OPEC of Natural Gas
In December, Russia scored some significant energy coups, hosting the 7th annual meeting of the Gas Exporting Countries Forum (GECF), often billed as the "OPEC of natural gas," and signing an exclusive pipeline deal with Turkmenistan, which recently boasted discovery of one of the world's largest natural gas fields. At the same time, Russia also warned that Europe could face cut-offs of natural gas due to Russia's on-going dispute with Ukraine over an alleged debt of $2 billion.
The Moscow meeting of the GECF signaled a key development in the global natural-gas picture, with the previously informal association adopting a formal charter and establishing a headquarters. Founded in Tehran in 2001, the 15-member GECF includes the world's largest natural-gas suppliers, many of which are less than ideal energy partners for the United States. Its members, which account for about 73 percent of the world's gas reserves and 42 percent of production, include Algeria, Bolivia, Brunei, Egypt, Equatorial Guinea, Indonesia, Iran, Libya, Malaysia, Nigeria, Qatar, Russia, Trinidad and Tobago, the United Arab Emirates, and Venezuela.
Since 2002, Russia has been pushing to transform the grouping into an actual OPEC-style cartel. Russian Prime Minister Vladimir Putin, who first floated the idea while he was president, addressed the GECF ministers at the recent Moscow summit, announcing "the era of cheap energy resources, of cheap gas, is of course coming to an end." "We would be glad to host this organization in the Russian Federation ... and are ready to give it diplomatic status and cover related expenses," Vladimir Putin told the GECF attendees. The GECF ministers, however, opted instead to establish the new headquarters in Doha, Qatar.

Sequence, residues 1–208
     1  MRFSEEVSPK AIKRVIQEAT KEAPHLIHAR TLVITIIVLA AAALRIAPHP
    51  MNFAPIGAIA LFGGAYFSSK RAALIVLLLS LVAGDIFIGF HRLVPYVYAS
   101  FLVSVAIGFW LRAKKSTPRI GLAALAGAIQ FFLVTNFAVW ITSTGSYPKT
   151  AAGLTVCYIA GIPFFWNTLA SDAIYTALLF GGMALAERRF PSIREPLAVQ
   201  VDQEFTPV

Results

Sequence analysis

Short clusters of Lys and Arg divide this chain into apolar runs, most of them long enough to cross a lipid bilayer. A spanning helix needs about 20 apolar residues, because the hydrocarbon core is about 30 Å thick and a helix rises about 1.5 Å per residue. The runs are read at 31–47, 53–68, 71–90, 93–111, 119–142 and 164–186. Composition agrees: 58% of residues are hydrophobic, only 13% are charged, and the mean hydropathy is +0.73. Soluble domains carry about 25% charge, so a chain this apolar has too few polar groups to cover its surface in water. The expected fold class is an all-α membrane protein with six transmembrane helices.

Many Western oil and gas companies that had been hoping to get in on Turkmenistan's gas bonanza were disappointed to learn that the communist-dominated government of President Gurbanguly Berdymukhamedov has decided to stay joined at the hip with Moscow on energy policy, offering Western firms only service contracts rather than the hoped for more lucrative partnerships. The main exception to this rule has been the China National Petroleum Corp. (CNPC), which has a big production sharing agreement with Turkmenistan and is also building a pipeline to take the gas directly from Turkmenistan to Communist China.
Meanwhile, environmental militants and "green" politicians in the United States claim to favor a shift away from "dirty" coal and oil toward more use of natural gas, but they have not moved to ease the inhospitable regulatory burden associated with drilling, producing, and transporting natural gas in the United States. If that does not change, U.S. consumers will become increasingly hostage to foreign sources of natural gas and more dependent on a global gas market dominated by Russia, China, Iran, and Venezuela.
Photo: AP Images